Jake Curtis writes at National Review Online about state governments’ pushback against one of the Obama administration’s most controversial dictates.

The federal government’s increasingly oppressive treatment of state governments has not gone unnoticed. In fact, this treatment has prompted an interesting development. Following the Obama administration’s issuance of its May “Dear Colleague” letter relating to local school districts’ transgender-student policies, close to half of the states have made the decision to sue the federal government.

The Founders’ original understanding of federalism did not envision subservient states that exist only to serve the federal government. Nor did it contemplate overbearing states. It stood for a competitive arrangement, whereby the federal government exercised clearly enumerated powers while states remained within the sphere of reserved powers. And a competitive environment among the states ensured a limit on the growth of state government.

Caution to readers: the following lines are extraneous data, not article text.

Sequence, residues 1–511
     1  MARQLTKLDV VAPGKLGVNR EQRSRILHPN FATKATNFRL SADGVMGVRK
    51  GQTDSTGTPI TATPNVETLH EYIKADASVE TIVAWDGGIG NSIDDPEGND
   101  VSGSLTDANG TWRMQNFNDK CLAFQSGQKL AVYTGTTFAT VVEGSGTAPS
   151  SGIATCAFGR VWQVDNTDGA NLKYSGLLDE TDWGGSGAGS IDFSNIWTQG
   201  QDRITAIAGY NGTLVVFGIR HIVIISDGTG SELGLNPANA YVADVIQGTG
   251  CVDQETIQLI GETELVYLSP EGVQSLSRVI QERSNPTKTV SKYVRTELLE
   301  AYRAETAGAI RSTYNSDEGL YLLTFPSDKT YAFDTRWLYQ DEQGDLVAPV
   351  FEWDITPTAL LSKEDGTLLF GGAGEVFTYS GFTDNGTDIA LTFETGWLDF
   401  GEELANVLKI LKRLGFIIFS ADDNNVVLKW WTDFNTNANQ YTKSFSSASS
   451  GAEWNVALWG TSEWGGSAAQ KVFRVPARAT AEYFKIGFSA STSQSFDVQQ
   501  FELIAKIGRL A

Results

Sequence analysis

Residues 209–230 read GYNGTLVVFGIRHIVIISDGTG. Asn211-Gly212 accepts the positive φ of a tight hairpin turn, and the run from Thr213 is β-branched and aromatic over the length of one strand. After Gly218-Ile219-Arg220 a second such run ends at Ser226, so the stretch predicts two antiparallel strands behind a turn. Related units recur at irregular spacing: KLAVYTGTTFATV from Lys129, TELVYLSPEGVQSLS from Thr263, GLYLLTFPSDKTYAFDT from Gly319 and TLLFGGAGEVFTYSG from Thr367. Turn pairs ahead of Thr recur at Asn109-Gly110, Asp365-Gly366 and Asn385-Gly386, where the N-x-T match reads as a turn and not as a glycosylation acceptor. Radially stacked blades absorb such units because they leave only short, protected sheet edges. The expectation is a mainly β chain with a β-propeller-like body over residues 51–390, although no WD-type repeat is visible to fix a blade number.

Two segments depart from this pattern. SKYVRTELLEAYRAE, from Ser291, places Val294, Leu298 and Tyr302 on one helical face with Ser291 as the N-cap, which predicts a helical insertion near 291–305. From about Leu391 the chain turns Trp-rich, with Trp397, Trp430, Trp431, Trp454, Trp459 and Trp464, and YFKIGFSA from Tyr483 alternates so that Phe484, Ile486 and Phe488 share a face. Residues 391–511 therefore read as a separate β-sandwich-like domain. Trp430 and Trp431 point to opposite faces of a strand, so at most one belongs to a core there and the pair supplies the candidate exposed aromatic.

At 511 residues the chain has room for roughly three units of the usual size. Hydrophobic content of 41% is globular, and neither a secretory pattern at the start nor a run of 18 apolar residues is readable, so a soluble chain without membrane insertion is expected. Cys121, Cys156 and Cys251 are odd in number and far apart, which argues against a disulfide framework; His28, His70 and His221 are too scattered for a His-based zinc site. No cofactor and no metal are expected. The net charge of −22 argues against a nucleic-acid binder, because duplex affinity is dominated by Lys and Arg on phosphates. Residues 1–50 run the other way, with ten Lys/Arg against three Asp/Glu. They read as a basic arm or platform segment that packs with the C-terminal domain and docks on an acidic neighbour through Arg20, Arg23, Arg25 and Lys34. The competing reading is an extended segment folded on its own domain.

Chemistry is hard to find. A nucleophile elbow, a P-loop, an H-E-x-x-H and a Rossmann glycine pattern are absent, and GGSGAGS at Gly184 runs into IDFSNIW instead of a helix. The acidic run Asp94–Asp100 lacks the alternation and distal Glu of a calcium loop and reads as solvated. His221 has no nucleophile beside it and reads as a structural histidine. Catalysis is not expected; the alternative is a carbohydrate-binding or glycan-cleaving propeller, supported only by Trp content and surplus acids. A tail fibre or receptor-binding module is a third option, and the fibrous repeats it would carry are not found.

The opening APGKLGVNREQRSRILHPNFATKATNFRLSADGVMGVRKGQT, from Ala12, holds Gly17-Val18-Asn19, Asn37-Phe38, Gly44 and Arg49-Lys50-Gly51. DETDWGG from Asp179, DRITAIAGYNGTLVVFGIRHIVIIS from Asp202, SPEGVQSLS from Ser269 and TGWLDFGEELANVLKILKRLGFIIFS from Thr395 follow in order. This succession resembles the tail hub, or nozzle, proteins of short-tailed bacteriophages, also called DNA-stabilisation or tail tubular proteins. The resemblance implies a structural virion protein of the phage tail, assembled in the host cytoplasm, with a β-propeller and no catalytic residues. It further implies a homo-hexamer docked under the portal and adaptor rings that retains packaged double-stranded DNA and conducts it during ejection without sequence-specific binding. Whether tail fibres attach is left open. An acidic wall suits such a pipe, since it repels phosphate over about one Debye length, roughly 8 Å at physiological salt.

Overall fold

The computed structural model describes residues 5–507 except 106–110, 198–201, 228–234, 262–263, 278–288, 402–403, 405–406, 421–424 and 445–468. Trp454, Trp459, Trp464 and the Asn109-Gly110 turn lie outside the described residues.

Unfortunately, this constitutional framework has been eroded at a frightening pace over the last seven years. As I recently noted, while the transgender letter issued by the Departments of Justice and Education is the most recent and well-known letter, the Obama administration has been very effectively utilizing federal agencies to bypass both Congress and state governments.

But since the administration’s issuance of the letter, a very encouraging development has occurred. Numerous states, local units of government, and parents have stood up and demanded the federal government defend the legal positions it has taken in the letter. And they are doing so not in the name of “states’ rights,” but in order to reestablish a constitutionally prescribed form of competitive federalism.